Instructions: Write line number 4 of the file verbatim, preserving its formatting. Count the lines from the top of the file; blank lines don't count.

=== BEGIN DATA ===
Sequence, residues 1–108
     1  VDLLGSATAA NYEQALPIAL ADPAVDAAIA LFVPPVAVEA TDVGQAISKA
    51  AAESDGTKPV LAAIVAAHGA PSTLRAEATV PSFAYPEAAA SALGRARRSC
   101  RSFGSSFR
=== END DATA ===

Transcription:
   101  RSFGSSFR